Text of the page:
Advance Directives

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If Schiavo had signed an advance directive before her illness, there would have been no question concerning her wishes, and now one local hospice is spreading awareness about the documents.

It was a case that sparked an emotional chord in all of us, parents fighting tirelessly for their daughter’s survival and a husband arguing that he was following his wife's wishes, but the tumultuous legal battles would never have started if Terry Schiavo had signed an advance directive prior to falling ill.

"It's something everyone should have, no matter what age or health situation. As a hospice it's our job to make sure forms are available to everyone," says Heidi Disch of Hospice Care of America.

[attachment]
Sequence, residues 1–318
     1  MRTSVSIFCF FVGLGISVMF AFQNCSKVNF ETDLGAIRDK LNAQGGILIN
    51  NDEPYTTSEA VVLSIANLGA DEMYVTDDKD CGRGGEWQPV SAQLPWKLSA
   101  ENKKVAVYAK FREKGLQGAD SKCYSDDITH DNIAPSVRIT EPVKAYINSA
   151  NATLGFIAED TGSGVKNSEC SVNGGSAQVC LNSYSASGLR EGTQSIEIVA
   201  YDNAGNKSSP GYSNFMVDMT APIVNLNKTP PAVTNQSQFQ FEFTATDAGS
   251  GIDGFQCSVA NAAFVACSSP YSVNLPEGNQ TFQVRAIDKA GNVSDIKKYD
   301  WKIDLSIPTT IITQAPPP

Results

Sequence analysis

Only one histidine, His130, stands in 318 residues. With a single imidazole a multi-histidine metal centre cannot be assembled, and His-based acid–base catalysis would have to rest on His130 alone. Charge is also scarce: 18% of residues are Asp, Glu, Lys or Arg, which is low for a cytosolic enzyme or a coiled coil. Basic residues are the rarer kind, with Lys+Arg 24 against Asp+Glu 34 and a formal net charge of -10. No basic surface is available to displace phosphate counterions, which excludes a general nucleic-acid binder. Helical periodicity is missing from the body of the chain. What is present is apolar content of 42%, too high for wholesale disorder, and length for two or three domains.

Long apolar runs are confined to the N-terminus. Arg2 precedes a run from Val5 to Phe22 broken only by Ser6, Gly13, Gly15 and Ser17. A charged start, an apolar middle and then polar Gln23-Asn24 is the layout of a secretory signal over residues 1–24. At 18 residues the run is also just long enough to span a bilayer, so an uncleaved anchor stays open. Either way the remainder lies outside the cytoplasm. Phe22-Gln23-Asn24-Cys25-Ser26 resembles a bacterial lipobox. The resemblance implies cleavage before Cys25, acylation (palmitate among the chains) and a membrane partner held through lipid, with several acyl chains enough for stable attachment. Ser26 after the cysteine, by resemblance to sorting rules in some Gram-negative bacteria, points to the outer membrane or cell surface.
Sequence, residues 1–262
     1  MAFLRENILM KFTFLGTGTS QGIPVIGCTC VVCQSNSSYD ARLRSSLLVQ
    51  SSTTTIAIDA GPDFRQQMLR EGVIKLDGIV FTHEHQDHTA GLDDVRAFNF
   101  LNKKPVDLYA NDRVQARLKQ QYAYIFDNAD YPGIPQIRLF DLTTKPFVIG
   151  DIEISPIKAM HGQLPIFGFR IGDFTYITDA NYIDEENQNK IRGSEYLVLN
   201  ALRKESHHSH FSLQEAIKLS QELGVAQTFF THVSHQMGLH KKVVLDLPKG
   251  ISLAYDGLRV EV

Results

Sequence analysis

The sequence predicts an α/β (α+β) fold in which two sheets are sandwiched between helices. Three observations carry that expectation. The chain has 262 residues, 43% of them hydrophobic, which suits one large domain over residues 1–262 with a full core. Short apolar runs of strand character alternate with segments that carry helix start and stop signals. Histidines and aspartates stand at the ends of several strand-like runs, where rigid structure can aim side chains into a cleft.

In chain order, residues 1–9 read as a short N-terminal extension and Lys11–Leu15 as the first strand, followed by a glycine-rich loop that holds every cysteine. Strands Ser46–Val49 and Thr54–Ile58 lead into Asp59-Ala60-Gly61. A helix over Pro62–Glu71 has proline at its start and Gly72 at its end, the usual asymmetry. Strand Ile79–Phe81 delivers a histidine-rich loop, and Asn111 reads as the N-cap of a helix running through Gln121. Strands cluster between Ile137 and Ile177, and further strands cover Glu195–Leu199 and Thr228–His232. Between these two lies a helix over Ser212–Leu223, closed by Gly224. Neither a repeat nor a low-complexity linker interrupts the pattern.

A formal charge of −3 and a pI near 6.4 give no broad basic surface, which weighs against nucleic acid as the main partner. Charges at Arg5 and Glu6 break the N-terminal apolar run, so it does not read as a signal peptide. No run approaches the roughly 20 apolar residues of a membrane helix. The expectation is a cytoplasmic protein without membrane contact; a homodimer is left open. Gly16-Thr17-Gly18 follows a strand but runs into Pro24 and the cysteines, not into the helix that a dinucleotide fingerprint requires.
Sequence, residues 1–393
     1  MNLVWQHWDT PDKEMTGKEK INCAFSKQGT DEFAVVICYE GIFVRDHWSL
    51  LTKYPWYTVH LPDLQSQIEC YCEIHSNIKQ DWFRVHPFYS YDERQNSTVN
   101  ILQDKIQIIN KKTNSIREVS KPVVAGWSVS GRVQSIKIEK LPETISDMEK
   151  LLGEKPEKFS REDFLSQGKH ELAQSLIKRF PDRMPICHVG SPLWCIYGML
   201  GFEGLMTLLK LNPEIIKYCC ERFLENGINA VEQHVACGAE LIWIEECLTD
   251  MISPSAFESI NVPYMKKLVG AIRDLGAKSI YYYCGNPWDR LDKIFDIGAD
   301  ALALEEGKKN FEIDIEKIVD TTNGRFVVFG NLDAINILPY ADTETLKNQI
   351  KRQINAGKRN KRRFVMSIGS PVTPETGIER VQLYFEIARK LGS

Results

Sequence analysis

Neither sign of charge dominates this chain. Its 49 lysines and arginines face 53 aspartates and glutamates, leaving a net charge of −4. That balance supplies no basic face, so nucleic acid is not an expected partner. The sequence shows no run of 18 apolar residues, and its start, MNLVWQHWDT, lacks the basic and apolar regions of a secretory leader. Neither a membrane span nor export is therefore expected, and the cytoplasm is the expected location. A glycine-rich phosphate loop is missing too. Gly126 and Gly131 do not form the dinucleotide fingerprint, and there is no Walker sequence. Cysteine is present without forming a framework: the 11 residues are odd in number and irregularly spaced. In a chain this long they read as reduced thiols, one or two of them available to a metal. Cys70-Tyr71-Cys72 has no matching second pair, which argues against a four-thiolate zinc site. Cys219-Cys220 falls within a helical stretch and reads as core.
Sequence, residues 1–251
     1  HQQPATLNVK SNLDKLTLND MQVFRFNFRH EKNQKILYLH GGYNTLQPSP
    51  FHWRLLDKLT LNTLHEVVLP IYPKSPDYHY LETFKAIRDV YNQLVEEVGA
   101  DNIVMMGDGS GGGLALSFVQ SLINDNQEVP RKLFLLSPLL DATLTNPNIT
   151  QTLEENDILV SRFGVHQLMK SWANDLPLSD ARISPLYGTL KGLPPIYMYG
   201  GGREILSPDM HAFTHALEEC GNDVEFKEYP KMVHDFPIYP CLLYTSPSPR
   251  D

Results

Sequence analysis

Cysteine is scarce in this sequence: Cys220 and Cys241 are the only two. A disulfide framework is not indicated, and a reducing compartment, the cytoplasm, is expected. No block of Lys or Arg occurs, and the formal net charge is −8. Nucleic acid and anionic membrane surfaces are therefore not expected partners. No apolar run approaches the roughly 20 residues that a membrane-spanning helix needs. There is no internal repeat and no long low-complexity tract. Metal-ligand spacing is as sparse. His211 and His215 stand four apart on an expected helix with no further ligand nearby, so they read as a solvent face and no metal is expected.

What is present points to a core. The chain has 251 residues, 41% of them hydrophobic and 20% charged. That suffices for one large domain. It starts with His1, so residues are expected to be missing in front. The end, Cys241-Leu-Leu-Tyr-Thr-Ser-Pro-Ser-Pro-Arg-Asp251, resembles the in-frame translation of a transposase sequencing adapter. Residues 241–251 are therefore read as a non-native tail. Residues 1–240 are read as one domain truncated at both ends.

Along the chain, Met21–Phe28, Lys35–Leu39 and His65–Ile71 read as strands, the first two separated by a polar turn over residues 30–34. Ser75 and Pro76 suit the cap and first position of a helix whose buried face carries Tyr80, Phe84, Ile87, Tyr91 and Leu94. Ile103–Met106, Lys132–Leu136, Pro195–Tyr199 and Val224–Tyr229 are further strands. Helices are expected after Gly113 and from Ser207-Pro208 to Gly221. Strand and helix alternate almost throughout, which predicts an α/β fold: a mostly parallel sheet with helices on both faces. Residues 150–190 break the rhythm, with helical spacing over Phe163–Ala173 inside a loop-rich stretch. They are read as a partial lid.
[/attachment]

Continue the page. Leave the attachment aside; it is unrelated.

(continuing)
Later this month, Hospice Care of America in Rockford will be holding two advance directives workshops, but what exactly is an advance directive? There are three types. Heidi Disch says durable power of attorney for health care is the most important.

"In that form you pick the person that will make decisions for you, specifics: I do want a feeding tube or I don't want a feeding tube," says Disch.

A living will is less specific. It basically asks a person if they would want life-sustaining treatment or not in the event of an incurable or irreversible injury, and a DNR is a request not to have CPR if your heart stops beating.

"Get the forms. You don't need a lawyer, you just need two witnesses. It's legal. If Terry Schiavo had one in place, this would never have happened," says Disch.

Disch says an advance directive can reduce a family’s suffering during a traumatic situation, and a person can feel confident that if they fall seriously ill their wishes will be followed.

The first advance directive workshop will be held April 21 at 7 p.m. at the New Life Bible Church in Winnebago, and then again on April 28 and 29 from 11 a.m. to 7 p.m. at Hospice Care of America, located at 483 North Mulford.